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NT Public Servants Allowed To Give Evidence To Harassment Inquiry

NT public servants allowed to give evidence to harassment inquiry

The Northern Territory government will allow current and former public servants to give evidence to the current sexual harassment inquiry.

The Territory government confirmed it will grant temporary waivers of existing non-disclosure agreements.

As a result, those who experienced sexual harassment while working in the NT public service will be free to tell their stories to the inquiry.

 

Sex Discrimination Commissioner Kate Jenkins wrote to 120 CEOs requesting waivers of NDAs.

Non-disclosure agreements

Non-disclosure agreements ban workers from disclosing details of sexual harassment or discrimination in exchange for compensation.

Consequently, the Australian Human Rights Commission’s current landmark national inquiry into workplace sexual harassment can’t find enough workers who can share their experiences.

Sex Discrimination Commissioner Kate Jenkins previously wrote to 120 CEOs asking them to grant waivers of the agreements.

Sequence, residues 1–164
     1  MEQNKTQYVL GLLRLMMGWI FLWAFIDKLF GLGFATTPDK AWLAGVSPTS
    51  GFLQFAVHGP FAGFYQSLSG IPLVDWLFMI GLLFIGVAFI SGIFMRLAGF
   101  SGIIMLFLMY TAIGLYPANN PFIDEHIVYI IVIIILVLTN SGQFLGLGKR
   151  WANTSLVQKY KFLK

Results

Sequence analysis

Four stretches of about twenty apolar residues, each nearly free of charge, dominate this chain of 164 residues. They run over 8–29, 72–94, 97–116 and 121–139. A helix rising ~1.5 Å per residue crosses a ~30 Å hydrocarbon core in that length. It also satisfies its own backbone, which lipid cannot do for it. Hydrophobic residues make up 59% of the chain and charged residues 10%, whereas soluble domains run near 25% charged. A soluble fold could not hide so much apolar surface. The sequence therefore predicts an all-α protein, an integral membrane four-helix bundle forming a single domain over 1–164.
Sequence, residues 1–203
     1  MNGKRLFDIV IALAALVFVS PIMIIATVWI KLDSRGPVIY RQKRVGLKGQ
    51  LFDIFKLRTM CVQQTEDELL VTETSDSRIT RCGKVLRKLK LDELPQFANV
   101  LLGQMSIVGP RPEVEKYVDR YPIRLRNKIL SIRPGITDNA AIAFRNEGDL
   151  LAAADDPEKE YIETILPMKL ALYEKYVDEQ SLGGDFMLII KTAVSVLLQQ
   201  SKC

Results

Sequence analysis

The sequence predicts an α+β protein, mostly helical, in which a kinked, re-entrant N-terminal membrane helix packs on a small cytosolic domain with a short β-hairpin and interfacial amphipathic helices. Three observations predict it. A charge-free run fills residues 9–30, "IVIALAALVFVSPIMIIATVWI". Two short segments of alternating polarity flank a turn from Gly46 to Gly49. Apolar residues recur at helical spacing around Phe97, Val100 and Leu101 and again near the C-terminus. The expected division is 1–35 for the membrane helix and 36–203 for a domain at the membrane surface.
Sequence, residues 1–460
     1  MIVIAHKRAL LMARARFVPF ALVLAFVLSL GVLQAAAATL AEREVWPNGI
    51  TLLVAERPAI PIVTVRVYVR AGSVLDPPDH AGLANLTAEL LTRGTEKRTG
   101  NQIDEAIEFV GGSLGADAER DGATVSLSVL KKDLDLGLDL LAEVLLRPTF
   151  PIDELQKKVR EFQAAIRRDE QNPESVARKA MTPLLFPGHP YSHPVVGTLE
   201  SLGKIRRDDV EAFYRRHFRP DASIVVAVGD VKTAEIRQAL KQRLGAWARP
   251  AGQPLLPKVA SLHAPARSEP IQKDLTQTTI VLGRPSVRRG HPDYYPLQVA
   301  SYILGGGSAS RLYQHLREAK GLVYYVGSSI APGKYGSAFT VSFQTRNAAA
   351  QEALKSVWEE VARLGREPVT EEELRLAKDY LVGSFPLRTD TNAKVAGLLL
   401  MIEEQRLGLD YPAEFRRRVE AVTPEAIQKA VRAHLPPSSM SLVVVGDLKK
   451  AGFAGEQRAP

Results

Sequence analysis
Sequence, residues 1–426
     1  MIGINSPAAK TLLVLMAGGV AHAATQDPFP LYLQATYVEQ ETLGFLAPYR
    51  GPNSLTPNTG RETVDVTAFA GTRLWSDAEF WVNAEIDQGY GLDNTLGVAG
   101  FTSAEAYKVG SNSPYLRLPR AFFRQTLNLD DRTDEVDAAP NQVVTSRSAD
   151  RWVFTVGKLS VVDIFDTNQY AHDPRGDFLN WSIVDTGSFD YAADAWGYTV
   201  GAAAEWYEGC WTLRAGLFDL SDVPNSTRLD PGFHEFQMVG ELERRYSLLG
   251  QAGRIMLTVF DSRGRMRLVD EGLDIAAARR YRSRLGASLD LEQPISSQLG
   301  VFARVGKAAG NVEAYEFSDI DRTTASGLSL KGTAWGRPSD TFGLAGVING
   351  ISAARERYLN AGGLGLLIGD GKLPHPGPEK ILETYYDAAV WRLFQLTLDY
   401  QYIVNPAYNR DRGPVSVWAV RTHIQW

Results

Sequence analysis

Only a handful of companies responded however. For example, law firm Clayton Utz, the Commonwealth Bank of Australia, KPMG, Rio Tinto and Telstra.


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NT public servants allowed to give evidence

The NT government did not allow waivers until yesterday when contacted by ABC News.

Without warning, NT Minister for Public Employment, Gerald McCarthy, suddenly announced that all current and former employees will be permitted to give evidence to the inquiry.

A spokesperson said:

“Minister for Public Employment Gerry McCarthy has confirmed the NT Government will issue a limited waiver of confidentiality obligations in NDAs to current and also former Territory public servants can make submissions to the national inquiry into sexual harassment in Australian workplaces.”

NT Minister for Public Employment Gerry McCarthy.

NT decision welcomed

Industrial advocate Miles Heffernan welcomed the last minute decision of the Northern Territory government.

“The best way to address workplace sexual harassment is to firstly understand the nature and extent of the problem. And we can’t do that unless workers who have experienced this sort of conduct can share their stories,” he said.

“Hopefully, Ms Jenkins’ inquiry will provide a toolbox for employers to prevent sexual harassment in their workplaces in the future.”

 

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